J&K Interlocutors Submit Interim Report To Govt2 November 2010
The Economic Times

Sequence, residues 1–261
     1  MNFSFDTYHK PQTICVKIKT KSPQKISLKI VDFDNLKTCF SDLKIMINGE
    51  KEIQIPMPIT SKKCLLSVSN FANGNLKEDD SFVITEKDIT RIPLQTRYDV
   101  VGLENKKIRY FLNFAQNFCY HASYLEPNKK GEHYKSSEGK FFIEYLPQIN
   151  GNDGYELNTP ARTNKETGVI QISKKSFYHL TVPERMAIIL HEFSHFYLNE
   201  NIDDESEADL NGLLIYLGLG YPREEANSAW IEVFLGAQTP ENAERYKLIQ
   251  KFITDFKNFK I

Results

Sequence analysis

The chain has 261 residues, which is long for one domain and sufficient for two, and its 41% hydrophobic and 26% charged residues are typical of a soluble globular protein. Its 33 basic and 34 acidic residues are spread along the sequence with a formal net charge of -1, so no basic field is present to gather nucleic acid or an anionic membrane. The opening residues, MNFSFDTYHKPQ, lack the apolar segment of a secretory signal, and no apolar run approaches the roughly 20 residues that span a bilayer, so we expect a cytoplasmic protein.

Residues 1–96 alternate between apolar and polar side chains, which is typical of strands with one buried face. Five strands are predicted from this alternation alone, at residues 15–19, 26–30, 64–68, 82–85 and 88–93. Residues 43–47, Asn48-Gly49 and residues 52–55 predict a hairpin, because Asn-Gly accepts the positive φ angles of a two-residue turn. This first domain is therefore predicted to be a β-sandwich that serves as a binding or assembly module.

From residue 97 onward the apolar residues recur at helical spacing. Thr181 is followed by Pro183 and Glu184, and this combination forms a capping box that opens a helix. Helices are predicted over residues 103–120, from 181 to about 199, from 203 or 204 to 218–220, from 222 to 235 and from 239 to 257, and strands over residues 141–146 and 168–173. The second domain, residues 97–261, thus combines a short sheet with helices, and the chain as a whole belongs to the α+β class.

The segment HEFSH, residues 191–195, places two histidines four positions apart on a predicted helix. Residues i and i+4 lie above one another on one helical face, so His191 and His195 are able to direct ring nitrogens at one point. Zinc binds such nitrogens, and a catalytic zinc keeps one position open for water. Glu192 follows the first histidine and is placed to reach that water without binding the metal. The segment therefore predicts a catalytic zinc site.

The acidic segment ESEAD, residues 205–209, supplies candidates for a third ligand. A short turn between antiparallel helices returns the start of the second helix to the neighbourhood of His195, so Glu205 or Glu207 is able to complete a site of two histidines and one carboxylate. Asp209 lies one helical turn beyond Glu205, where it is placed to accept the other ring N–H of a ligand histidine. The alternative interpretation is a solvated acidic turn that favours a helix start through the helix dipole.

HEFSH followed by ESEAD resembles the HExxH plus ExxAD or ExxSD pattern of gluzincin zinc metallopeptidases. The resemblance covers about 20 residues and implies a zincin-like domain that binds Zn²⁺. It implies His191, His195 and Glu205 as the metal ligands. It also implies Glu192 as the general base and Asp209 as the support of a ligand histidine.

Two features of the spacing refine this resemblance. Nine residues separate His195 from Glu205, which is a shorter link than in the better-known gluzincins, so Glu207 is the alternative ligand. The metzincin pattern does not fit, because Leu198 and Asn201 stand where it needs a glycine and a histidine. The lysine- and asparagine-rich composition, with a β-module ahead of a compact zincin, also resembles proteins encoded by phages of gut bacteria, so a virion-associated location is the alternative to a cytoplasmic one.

New Delhi: Following up on their maiden visit to Jammu and Kashmir after appointment, the J&K interlocutors on Tuesday submitted an interim report to the government, recommending the release of certain political prisoners, including separatist leader Shabir Ahmed Shah and president of Kashmir Bar Association Mian Abdul Qayoom. Interestingly, some movement has already started on the release of Shah. According to sources, Shah, who had earlier refused to accept his release on conditional bail, may now walk free without having to sign on the relevant papers. On their part, however, the prison authorities have read out to him the conditions for his bail and even videographed his “nod.” He is likely to be brought out of the Kot Bhalwal jail in Jammu for medical examination and released thereafter. The release of Shah, who the interlocutors had met in jail during their visit to Jammu, will be the first “concrete outcome” of the interlocutors’ efforts to address the grievances of the people of J&K. With efforts on also to have other separatist leaders - including Kashmir Bar Association president and general secretary, Mian Abdul Qayoom and Ghulam Nabi Shaheen, respectively - released on the recommendation of the interlocutors, the credibility of the panel is expected to get a big boost among J&K groups. The panel is said to have sought the release of Qayoom and Shaheen to bring an end to suspension of work by High Court lawyers in Kashmir since July 2010. “Getting such ‘concessions’ for J&K from the government of India will help build the people’s confidence in the panel and encourage more groups to join the dialogue,” noted a senior government official. Speaking to reporters after submitting their first set of recommendations to Union home minister P Chidambaram here on Tuesday, Mr Padgaonkar said he was “hopeful” of a solution to the J&K issue even though the panel did not have a “magic formula.” The three-member group, during its meeting with Mr Chidambaram, briefed him in detail about their six-day visit to Jammu and Kashmir. “This was our first visit to state. We gave our set of recommendations,” Mr Padgaonkar said but declined to give any details. “Let it (the recommendations) be between government and the interlocutors,” he said, a day after Mr Chidambaram disapproved of the interlocutors giving a ball-by-ball commentary on the progress in the dialogue on J&K. Having submitted an interim report, the interlocutors will now take a break and are likely to be back in the state later this month. While Mr Padgaonkar is likely to visit Srinagar again in mid-November, Ms Radha Kumar and Mr Ansari will head for Leh to listen to the people of Ladakh region. When asked about the possibility of talks with separatist groups during their next visit, Mr Padgaonkar said, “We do not have any magic formula other than to keep with our efforts to be engaged with them (separatists).” “We are hopeful and that’s why our second visit will take place in less than a fortnight,” he said.